After the Illinois sanctuary bill, it has finally hit me that I’m a man without a homeland. This is kind of a weird feeling; blackpilling and liberating all at the same time. I am not quite sure how to feel, because I am angry now, but calm.
Because I grew up in southern Illinois, I knew my neighbors by first name and they looked after me and my brothers like we were their own. When my parents weren’t home, I had a kinship with those people. I still do but now the land has rejected me and mine.
Illinois is entirely more than Chicago. Chicago is a tumor on a once bright and prosperous land. Once that cancer has been destroyed, the land will be at peace and be free once again.
I lived in Illinois for 24 years of my life and have only been to Chicago a handful of times. The entire drive to Chicago is corn fields and nice small towns, and then you get to Chicago and it’s a leviathan. A glass and steel titan looming over the lake, and overshadowing the great state that feeds its greed. Chicago is an abusive alcoholic step-father who doesn’t provide for his kids and takes what pittance they earn from their measly joe jobs and buys more booze and frozen tv dinners, then demands more from his beleaguered family who sit on the floor hoping to catch scraps of food falling from his beard while he sits in his recliner watching tv.
They don’t try because they have no will. They drive us out of Illinois because they have destroyed our culture. I fell victim to it as did many of my friends. I have tried my best to make a home in Louisiana and thus far have done a bang up job of it if I may say so myself, but still now I have no true home and it sickens me. I am now a grandson peeking in on a sick relative in a nursing home. Every time I hear about Illinois doing something, I look in through the window and see a body dying on an operating table before me, begging me to put it out of its misery, and reaching sightlessly for anyone to help end the pain. Half of me is happy because I can say “you did this to yourself, and sowed the wheat now suffer the chaff,” and the other half of me pangs with guilt because I never stopped them from doing this to themselves. Every time they reached for that bottle and took a swig, I was there to help them instead of slapping the bottle away and telling them to love us instead of that bottle. Look at your family what you’re doing to us. Look at your kids dying because they had no direction.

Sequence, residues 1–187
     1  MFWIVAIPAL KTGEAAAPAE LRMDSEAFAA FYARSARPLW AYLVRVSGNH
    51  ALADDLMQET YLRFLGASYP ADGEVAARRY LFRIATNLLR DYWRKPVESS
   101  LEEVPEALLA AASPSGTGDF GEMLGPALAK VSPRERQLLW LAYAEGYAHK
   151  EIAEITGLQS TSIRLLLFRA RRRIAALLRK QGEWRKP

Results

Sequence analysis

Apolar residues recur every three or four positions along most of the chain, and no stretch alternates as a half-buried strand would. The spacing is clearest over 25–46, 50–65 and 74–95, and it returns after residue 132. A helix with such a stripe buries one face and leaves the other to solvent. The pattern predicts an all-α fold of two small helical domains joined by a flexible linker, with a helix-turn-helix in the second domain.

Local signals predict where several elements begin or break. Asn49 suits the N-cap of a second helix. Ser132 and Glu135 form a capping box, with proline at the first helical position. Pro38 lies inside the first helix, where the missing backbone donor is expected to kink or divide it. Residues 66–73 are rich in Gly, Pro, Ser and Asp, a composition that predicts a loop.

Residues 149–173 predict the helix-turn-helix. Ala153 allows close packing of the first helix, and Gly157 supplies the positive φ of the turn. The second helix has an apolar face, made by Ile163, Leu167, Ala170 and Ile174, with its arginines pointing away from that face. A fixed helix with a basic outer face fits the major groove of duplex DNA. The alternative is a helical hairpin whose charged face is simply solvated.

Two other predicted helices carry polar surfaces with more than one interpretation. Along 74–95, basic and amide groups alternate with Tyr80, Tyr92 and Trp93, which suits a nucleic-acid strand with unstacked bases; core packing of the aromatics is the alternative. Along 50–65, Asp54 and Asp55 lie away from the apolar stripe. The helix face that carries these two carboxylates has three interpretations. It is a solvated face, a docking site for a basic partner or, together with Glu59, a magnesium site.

They’re going to drugs, going to crime, moving as far as possible just to get away, and you’re lucky if they come home for Christmas.
– Goydee Ree